Benchmarking data available for grain growers
Story Added : 20th April 2011
A Grains Research and Development Corporation-commissioned study has established physical and financial performance benchmarks for each grain-producing agroecological zone and provided insights into how the top performing farms have achieved their enterprise success.
Undertaken by the Australian Bureau of Agricultural and Resource Economics and Sciences (ABARES), the study was commissioned by GRDC to provide growers and their advisers with an enhanced awareness of how their farms are performing.
GRDC project manager Zoltan Lukacs said 13 agroecological zone-specific reports had been released from the study, offering data and information of relevance and use to growers and farm consultants.
“The reports include data for specialist grain-producing farms as well as mixed enterprises combining grain and livestock production, and offer a large range of benchmarks, falling into three categories – whole-of-farm, enterprise-specific and socio-economic,” Dr Lukacs said.
“Whole-of-farm benchmarks include farm size, rainfall, land use intensity, enterprise mix, rate of return and a range of farm financial performance variables.
“Enterprise-specific benchmarks include grain yields, livestock reproduction rates, wool production and the average price received for each commodity produced, while socio-economic benchmarks cover the age, education and off-farm employment of the operator and spouse.
“Not only can growers see how their farms compare with others in their region, but they can obtain a better understanding of the key factors driving the results of the better performing farms,” Dr Lukacs said.
“The analysis found that the main factors driving the superior financial performance of the top performing grain producing farms differed between the specialist and mixed enterprise farms within each zone as well as between the zones.
“However, there were some common themes evident in the analysis of the top performing farms versus the sector averages across the different zones.”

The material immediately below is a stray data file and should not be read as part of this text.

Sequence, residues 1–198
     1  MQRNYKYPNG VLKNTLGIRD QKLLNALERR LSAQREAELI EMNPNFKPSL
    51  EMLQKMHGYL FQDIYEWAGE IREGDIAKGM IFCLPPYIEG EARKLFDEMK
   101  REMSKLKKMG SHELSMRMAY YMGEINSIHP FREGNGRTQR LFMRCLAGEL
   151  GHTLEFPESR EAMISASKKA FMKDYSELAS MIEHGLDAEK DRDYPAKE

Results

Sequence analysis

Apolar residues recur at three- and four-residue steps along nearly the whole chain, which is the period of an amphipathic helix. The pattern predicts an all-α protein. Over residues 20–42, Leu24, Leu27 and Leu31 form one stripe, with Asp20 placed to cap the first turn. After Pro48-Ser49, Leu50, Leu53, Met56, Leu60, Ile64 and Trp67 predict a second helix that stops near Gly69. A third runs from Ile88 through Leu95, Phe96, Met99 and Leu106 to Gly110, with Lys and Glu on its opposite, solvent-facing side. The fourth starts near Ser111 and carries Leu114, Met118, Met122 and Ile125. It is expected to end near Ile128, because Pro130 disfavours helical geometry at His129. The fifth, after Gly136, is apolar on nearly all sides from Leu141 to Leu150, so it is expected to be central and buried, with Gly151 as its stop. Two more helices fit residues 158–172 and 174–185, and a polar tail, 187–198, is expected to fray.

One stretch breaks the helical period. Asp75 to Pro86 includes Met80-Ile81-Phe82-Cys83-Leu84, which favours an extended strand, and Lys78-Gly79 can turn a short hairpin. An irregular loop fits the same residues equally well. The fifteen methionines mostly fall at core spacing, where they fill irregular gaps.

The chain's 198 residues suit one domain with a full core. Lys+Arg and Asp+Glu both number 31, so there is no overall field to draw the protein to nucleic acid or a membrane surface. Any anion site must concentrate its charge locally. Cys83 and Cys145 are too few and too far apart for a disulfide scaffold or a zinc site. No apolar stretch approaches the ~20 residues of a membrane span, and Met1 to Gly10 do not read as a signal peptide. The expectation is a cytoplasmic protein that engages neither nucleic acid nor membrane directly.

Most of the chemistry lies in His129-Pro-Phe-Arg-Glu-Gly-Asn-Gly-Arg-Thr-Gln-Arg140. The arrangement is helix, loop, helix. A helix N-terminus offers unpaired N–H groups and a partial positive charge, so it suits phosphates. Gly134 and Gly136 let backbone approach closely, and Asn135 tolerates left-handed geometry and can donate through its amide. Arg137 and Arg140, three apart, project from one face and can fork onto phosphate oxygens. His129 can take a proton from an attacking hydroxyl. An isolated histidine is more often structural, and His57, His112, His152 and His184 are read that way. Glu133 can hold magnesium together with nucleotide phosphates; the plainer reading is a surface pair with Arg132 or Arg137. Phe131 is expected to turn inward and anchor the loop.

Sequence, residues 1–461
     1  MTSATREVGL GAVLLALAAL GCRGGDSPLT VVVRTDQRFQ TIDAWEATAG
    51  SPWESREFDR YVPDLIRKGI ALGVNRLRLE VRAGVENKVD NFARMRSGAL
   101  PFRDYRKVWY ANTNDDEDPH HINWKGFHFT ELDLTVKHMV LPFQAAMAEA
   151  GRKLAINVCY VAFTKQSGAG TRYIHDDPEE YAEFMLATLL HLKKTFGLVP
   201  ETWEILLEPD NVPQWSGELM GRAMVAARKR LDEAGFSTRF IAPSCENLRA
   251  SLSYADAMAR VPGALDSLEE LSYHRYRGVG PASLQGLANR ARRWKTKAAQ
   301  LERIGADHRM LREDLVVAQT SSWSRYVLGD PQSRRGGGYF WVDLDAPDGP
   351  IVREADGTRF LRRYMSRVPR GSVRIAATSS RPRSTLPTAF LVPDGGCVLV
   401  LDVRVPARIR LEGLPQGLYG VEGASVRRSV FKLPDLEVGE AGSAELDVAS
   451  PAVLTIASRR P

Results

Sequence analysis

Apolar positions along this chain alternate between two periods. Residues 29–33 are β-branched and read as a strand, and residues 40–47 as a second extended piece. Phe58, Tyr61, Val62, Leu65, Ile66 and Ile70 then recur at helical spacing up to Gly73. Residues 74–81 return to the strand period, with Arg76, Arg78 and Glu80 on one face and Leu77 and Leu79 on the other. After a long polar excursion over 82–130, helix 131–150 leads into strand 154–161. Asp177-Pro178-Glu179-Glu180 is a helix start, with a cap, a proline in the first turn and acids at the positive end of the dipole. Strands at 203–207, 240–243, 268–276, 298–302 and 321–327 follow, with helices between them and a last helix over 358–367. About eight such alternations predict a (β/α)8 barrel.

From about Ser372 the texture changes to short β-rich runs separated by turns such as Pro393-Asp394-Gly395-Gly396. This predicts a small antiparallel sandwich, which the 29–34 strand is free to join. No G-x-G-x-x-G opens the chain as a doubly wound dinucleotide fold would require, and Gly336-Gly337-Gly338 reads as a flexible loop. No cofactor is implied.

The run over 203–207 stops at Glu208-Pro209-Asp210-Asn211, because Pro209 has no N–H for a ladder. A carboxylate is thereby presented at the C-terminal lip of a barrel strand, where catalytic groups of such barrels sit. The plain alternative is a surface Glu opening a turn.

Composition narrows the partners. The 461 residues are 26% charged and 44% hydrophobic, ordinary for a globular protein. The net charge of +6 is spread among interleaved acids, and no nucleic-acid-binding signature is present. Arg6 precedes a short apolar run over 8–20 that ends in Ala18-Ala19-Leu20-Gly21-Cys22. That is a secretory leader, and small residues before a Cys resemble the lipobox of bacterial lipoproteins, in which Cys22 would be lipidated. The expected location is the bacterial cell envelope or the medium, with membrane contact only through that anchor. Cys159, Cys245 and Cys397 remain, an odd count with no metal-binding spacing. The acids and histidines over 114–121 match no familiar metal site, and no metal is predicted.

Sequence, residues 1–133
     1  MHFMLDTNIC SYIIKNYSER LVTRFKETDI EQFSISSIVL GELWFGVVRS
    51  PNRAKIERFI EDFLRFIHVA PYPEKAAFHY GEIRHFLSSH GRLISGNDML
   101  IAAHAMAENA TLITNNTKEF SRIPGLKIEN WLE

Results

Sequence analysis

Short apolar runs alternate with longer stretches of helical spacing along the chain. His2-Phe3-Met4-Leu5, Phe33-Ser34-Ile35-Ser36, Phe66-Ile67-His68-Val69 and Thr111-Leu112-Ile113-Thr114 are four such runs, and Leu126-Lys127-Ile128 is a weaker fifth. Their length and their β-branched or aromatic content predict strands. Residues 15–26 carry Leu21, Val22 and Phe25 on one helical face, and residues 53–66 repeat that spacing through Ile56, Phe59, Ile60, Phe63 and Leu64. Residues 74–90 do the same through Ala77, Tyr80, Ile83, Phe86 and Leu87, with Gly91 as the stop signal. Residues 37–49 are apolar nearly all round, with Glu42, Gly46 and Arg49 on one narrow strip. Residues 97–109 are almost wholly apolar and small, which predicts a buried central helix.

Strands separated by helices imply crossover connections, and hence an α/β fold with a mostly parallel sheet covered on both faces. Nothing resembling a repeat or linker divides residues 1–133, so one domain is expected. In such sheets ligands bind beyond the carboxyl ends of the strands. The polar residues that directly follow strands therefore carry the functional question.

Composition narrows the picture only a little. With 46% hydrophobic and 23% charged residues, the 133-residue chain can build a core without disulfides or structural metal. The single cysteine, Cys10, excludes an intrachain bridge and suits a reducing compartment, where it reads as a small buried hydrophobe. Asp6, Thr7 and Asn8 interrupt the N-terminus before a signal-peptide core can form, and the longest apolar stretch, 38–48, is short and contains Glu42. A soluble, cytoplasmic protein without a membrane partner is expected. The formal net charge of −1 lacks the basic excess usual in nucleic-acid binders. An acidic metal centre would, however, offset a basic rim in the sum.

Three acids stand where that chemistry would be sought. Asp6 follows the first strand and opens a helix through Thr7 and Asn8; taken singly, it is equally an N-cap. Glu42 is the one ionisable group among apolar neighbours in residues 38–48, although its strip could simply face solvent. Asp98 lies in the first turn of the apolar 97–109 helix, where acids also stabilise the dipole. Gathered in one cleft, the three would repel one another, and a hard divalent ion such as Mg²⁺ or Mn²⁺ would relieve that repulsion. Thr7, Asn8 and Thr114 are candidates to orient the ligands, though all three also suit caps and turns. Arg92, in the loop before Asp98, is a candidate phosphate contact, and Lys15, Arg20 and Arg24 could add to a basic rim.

In general, the top performing farms in both the specialist and mixed enterprise sectors of the grain industry were:
more intensively run farms
realised higher profitability by enhancing the farm’s efficiency and productivity over time
more effective in converting rainfall to output the enterprise mix changed more rapidly in response to market signals, seasonal conditions and the development of new crop cultivars
“The top performing farms were consistently able to reduce costs relative to the value of farm output, leading to greater profitability,” Dr Lukacs said.
"They spent less on farm inputs to produce each dollar of output and there was a trend on these farms towards lower input costs per dollar of output over time."
The analysis also found that many farm operators have expanded their farm area by purchasing more land, particularly over the past decade.
“Overall, the analysis presented in these reports indicates that the superior farm financial performance realised by the top performing farms in most zones appears to have been driven by the scale effect of increasing farm size as well as greater improvements in farm productivity and efficiency.”
Each report comprises four main sections, starting with a brief discussion of the value of broadacre agriculture in the respective agroecological zone. This is followed by a discussion of farm financial performance (covering farm cash income, farm business profit and rate of return) and socio-economic benchmarks. The main body of the reports contains a detailed discussion of the main performance benchmarks of the top performing farms in the zone.
The reports for each zone are available via the GRDC website at www.grdc.com.au/abaresreports